It was with solemn conviction that I chose recently to withdraw my Financial Town Meeting resolution to appropriate funds that would allow Barrington to pay its municipal employees a livable wage.
My decision was not brought on by a shift in my values or priorities, nor in my view of the values held by my neighbors. I still firmly believe in the merits of the resolution, and hope that we can find our way toward setting this important example for the greater community, in the near future.
A little longer than a year ago, I entered politics because I had grown increasingly frustrated with the widening gap between conflicting groups of people and I had grown increasingly passionate about trying to narrow that gap.
I firmly believe government can help people.
I firmly believe that with transparency and open communication, people who disagree about issues can find their way to harmony. Not everybody gets what they want, but everybody knows their voice is being heard and their needs are being addressed.
It was with those beliefs that I first filed the motion to add funds to the municipal budget.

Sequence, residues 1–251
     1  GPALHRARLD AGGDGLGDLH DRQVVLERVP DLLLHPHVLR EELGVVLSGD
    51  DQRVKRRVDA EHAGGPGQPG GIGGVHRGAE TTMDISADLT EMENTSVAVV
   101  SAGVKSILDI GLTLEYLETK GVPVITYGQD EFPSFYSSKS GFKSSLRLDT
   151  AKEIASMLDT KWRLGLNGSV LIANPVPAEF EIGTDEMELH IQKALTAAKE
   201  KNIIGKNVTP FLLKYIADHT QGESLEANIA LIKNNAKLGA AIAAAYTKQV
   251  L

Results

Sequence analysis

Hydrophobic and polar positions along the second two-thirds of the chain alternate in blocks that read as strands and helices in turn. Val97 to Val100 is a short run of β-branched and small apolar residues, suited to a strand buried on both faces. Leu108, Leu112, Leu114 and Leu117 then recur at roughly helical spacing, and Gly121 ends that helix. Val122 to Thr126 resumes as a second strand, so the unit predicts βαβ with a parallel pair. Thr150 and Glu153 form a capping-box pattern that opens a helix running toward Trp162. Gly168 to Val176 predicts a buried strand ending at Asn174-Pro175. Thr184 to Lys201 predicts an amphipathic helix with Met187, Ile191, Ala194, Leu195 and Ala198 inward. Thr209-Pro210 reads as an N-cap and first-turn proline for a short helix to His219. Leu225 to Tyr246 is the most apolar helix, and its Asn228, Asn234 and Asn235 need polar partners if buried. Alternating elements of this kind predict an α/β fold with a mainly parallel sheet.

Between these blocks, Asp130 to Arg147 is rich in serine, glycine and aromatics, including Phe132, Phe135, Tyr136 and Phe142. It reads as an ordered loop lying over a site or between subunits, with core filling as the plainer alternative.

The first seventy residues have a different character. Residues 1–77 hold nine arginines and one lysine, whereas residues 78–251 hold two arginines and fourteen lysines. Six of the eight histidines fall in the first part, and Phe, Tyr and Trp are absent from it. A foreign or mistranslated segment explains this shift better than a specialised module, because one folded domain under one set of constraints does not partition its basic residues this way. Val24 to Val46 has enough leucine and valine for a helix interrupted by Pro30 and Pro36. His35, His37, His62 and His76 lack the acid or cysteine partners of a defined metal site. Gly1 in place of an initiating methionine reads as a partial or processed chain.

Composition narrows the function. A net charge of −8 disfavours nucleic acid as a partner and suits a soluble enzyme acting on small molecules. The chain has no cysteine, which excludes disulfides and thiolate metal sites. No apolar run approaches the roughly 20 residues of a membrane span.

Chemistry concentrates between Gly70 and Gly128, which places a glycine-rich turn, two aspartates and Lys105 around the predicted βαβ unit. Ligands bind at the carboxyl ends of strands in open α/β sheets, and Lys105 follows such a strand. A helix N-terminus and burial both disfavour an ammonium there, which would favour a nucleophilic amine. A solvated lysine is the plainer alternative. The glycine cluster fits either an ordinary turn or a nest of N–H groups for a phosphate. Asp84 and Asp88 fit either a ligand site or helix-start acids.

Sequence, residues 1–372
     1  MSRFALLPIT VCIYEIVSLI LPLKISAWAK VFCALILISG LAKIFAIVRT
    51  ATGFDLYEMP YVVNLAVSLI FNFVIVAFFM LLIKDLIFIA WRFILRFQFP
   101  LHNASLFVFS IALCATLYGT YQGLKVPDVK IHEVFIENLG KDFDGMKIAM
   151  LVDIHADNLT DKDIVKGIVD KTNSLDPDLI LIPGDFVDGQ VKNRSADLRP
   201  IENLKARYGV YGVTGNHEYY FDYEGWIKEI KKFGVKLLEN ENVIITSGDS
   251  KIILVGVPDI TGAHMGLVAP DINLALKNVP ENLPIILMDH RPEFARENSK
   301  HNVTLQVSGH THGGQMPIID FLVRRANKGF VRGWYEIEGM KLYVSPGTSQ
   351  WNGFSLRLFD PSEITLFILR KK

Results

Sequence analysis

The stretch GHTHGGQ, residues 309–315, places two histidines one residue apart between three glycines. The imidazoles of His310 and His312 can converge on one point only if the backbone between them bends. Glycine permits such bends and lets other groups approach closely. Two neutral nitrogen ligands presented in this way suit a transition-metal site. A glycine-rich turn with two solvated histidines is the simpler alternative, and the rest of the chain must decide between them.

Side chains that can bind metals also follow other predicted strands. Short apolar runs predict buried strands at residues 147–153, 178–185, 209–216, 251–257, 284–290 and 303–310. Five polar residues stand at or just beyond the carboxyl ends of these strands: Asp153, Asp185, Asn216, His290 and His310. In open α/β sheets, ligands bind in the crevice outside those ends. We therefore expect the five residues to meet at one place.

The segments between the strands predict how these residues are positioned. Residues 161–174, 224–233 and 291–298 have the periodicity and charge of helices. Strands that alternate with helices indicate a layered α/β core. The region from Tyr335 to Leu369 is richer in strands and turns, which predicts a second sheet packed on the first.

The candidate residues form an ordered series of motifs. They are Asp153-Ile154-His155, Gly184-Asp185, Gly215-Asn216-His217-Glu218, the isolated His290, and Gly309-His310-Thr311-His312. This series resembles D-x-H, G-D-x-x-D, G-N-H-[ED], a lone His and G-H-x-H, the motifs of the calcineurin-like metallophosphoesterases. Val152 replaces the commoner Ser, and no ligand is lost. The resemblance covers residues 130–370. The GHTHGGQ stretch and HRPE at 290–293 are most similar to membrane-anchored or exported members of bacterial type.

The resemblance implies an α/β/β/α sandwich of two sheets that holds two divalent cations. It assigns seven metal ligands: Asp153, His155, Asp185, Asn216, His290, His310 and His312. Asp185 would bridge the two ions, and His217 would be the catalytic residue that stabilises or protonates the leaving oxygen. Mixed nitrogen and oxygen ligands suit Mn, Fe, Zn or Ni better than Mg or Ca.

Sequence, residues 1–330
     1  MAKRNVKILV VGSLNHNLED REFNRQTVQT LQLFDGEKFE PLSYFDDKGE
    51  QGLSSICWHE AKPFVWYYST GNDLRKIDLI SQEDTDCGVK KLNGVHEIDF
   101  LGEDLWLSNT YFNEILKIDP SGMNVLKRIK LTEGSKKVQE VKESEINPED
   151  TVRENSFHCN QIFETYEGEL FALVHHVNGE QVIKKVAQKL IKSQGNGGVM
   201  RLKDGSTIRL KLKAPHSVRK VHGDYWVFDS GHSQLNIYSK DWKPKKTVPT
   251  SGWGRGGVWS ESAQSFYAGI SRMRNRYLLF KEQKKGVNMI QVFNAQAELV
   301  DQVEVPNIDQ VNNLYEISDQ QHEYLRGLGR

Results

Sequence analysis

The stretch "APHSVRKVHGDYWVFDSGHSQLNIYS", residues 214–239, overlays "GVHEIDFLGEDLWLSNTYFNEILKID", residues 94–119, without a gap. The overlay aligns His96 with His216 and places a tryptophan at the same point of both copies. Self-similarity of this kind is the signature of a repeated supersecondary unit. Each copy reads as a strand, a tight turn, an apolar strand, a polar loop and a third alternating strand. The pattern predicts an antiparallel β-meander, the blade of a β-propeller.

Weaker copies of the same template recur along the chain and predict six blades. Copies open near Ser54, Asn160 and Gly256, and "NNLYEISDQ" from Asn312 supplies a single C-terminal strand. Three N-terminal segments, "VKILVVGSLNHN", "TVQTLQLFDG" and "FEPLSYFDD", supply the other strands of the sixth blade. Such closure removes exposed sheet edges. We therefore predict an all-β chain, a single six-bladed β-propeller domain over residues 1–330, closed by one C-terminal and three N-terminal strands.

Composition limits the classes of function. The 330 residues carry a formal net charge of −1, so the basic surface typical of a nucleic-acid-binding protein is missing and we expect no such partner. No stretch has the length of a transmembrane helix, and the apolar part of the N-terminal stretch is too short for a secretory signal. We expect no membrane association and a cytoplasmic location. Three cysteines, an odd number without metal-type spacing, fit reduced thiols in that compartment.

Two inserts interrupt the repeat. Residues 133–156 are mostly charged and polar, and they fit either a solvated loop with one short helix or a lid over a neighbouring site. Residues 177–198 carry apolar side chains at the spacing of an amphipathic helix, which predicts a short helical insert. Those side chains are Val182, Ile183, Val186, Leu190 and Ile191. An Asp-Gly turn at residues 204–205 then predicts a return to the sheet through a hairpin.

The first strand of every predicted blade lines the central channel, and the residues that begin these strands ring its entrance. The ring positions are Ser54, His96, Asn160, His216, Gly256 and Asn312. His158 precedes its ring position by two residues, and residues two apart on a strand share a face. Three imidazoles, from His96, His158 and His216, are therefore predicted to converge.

Over the past couple weeks, I have witnessed some truly disappointing actions, read some truly disturbing comments, and heard some truly disrespectful language being slung across the great divide between us.
I do not know whether the motion would have passed or failed. I still rate it at a 50/50 chance. But, I currently believe that pass or fail, it would have resulted in a loss for the town. We are not healthy enough as a community right now to handle a test of our collective values.
I make that statement with tremendous sadness. I saw the risk of a resolution that is important to many people becoming both a victim to the current status and an obstacle in moving past it.
Following the Financial Town Meeting next week, there is going to be a large group of attendees who are unhappy with the outcome of some of the votes; whichever way they go. That’s part of living in a shared world.
So, whichever way they go, I’m vowing today to continue working to fill the divide between the sides because I want to live in a place where we can consistently disagree, but constantly get along.